As women in The Church of Jesus Christ of Latter-day Saints are reflecting on their role against the background of women’s rights activism, what, I ask myself, is my role in the LDS Church and how has my membership changed over the thirty seven years that I have been a member?
Looking back to the early women leaders and others in the Church…
They were grandmothers, mothers, wives, sisters, aunts all making time to add their talents to improving the lives of those they were assigned to watch over. Strong women, intelligent women, creative women, hardworking women filled with the Spirit. Their place in the LDS Church was one of leadership and discipleship. Whether they would minister or be ministered to, depended on their needs.
They bore children, nurtured them and taught them the principles of the gospel of Jesus Christ; principles of honour, learning, honesty, industry, neighbourliness and charity. They taught their children how to pray, to read the scriptures and to worship the Lord.
I look around me at the sisters of my own ward in this modern time and I still see those same principles at work. I see all types of women from all walks of life who are joined in the sisterhood of Relief Society. It is a privilege to join hands with these women who give so much of their time and resources to teach and minister.
I remember moving overseas for a while and the feeling of being so cut off from our home, family and the familiar. I was so aware of the attention my accent drew and was loath to participate in Sunday School. I dreaded going to Relief Society and being the stranger there too. I crept into the back row and my heart ached as I longed for my home ward and the sisters I knew so well.
It wasn’t long before a member of the Relief Society Presidency spotted me and came over to introduce herself. She asked me a few questions about myself making me feel very welcome and asked for my contact details. Before long the meeting opened with the familiar songs of the Church with sisters singing confidently and in different parts so that I felt I was singing with a choir. The meeting progressed with the usual announcements and then we went into lesson time and I felt the presence of the Spirit as I listened to the teacher who had prepared the beautiful lesson. The sisters around me responded eagerly and I was caught up in their participation. Instead of a sea of strange faces, I got to see individual women expressing the feelings of their hearts and speaking about problems which we all face.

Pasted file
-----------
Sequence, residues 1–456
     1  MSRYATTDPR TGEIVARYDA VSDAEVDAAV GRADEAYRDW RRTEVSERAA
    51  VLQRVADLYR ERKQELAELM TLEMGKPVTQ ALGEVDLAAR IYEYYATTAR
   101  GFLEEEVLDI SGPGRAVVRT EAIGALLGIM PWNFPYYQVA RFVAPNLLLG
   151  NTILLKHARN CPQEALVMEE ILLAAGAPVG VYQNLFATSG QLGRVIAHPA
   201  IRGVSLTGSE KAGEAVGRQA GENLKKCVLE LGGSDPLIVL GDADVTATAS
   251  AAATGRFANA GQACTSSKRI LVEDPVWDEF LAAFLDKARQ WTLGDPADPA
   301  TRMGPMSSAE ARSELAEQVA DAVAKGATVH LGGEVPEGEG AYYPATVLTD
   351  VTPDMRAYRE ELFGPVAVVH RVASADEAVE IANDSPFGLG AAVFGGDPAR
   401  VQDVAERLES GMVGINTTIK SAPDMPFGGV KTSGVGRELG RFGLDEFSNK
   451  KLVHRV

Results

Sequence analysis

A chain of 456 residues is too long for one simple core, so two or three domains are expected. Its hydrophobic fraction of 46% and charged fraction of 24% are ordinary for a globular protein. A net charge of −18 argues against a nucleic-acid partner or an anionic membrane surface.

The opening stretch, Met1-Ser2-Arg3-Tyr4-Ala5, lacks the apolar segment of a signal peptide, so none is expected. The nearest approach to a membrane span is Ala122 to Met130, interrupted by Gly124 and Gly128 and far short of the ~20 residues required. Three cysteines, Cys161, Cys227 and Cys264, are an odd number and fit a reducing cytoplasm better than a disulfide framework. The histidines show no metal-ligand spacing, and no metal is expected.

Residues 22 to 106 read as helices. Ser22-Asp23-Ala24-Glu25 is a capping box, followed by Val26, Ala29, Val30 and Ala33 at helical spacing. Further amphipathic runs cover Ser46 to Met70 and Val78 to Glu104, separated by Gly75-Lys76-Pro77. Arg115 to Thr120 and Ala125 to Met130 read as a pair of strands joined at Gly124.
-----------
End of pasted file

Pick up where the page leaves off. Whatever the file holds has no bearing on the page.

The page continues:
At that moment, I remembered that I was part of a worldwide sisterhood, that each woman in the room was a friend I was yet to meet.
I won’t say that everything just melted away and that I immediately moved on with my life. Being a little shy, I still felt a little awkward among so many strangers, and struggled to remember names. However, I had regular visits from my visiting teachers, the neighbours had welcomed us, and I was given a calling in the Primary auxiliary where I got to know the children in my class and by extension, their parents. I had become an integral member of the ward family and over time became involved in the various programs offered by the LDS Church.
As another Relief Society birthday approaches, we give thanks for this wonderful organization of women that enables us to be ‘at home’ anywhere, and say happy birthday, Relief Society and may you have many more!